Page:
Sharing Economy

China outlines regulations for car-hailing apps

Patti Waldmeir
Uber CEO Travis Kalanick speaks at a ceremony at the Baidu headquarters in Beijing on December 17, 2014. Baidu, China's leading search engine, and ride sharing company Uber announced a strategic investment and cooperation agreement on December 17.
Greg Baker | AFP | Getty Images

Beijing is taking aim at the "sharing economy" in China, publishing draft regulations at the weekend that would impose taxi-like restrictions on private car-hailing services and could raise costs for internet booking leaders Uber and Didi Kuaidi.

The regulations, which will be open for public comment for one month, would require internet-based car-booking operators to obtain licences, set up local offices and maintain China-based servers, China's Ministry of Transportation said in a draft posted on its website on Saturday.

The release comes two days after Shanghai awarded the first municipal internet car-hailing license in China to Didi Kuaidi, an important step toward regulating an industry that has been controversial in cities around the world.

Municipalities from Amsterdam to New Delhi have struggled to control the proliferation of car-hailing apps, ensure passenger safety, and deal with the impact of such services on the traditional taxi industry.

Uber and Didi, the mainland market leader, have long operated in a grey area of Chinese law, with most municipalities ruling private taxis technically illegal. That ban has not been rigorously or consistently enforced, however.

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Reports in domestic media have suggested Beijing is planning by the end of the year to unveil national rules that could either formally legalize the growing car-hailing industry or strangle it.

People in the industry point out that even if the draft regulations are adopted, there still would be ample room for municipal regulators to issue detailed local policies that could affect their implementation. Some of the rules are as strict as those on the heavily regulated traditional taxi industry, and thus could prove costly if rigorously enforced nationwide, they said.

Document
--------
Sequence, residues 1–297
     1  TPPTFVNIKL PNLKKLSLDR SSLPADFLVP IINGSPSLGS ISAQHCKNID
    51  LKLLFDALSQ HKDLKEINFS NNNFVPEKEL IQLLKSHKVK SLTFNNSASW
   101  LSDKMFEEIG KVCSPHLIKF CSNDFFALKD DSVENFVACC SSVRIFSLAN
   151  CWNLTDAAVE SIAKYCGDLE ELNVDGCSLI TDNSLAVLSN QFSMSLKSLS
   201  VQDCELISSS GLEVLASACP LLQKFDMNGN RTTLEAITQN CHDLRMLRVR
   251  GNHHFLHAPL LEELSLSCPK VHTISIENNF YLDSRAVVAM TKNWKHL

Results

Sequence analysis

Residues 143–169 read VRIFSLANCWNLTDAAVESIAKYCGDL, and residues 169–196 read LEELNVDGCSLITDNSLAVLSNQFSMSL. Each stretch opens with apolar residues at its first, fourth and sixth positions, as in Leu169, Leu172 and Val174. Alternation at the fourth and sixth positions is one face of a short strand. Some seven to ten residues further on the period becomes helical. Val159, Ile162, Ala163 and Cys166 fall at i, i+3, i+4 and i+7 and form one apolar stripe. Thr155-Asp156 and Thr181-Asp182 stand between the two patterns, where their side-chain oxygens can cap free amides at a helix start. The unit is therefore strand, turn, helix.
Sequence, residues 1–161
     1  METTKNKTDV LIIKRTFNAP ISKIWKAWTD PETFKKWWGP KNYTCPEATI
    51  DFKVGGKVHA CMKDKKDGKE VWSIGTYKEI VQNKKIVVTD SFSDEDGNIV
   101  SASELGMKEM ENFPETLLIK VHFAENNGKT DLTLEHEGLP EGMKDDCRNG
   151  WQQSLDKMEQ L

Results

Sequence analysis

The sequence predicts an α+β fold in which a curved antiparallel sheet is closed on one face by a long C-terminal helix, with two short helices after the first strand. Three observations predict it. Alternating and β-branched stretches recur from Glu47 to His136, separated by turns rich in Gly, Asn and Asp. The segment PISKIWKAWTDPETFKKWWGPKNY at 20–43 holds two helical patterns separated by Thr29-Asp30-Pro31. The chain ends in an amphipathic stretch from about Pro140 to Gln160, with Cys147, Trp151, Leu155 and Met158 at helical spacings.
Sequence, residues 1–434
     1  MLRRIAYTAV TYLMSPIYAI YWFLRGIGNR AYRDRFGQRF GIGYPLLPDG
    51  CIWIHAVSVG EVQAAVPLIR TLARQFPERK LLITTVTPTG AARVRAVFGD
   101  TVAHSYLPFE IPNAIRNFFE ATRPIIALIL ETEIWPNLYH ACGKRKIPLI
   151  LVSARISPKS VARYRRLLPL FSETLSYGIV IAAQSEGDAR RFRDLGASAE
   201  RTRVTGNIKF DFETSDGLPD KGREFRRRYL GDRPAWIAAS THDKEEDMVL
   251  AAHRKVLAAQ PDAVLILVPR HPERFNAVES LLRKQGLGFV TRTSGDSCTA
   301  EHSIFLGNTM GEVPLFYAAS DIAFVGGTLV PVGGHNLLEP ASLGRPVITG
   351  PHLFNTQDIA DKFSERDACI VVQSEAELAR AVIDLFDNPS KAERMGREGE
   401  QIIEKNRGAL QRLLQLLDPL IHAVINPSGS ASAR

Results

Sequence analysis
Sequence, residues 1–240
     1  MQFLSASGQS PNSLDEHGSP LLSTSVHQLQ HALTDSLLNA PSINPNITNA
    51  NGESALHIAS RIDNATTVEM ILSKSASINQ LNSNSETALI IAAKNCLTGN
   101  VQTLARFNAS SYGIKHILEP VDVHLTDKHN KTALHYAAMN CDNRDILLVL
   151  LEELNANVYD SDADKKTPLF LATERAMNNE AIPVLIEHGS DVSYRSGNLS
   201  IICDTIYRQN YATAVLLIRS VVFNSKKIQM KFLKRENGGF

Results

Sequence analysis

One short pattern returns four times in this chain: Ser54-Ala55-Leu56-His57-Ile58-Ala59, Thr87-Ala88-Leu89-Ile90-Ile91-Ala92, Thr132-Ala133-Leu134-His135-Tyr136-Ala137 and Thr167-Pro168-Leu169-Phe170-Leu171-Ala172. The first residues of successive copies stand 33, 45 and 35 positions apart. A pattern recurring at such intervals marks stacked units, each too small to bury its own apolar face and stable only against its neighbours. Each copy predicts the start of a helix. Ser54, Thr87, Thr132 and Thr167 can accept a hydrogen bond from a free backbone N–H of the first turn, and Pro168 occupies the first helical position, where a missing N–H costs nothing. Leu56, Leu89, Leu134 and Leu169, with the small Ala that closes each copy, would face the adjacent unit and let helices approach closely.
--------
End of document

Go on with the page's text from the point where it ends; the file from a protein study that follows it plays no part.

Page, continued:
Uber welcomed the draft, saying that it "demonstrates [the] government's recognition and support of online car-hailing services". The US-based company added that it already meets some of the criteria set out in the draft, including having servers located in China.

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"We are in close communications with local regulators, and will…follow the spirit of the draft regulation, comply with all requirements, and continuously partner with local governments in implementing the new set of rules," Uber said. The new regulations could make it possible for Uber, Didi Kuaidi and potentially other services to be fully legalised in China, industry observers said.

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The draft rules included requirements that such services share data with local transport authorities, register their cars as taxi services, insure cars and passengers and have labour contracts with drivers. Car-pooling and ride-sharing services offered by private drivers without a taxi licence would be banned.

"The policy would have a disastrous impact on the taxi-hailing industry if it takes effect since it would ban private cars," said Zhang Xu at Beijing consultancy Analysys.

The draft also appeared to signal Beijing's intent to bring China's heavily subsidized cab fares more into line with market pricing, by gradually eliminating fuel subsidies for the traditional taxi industry.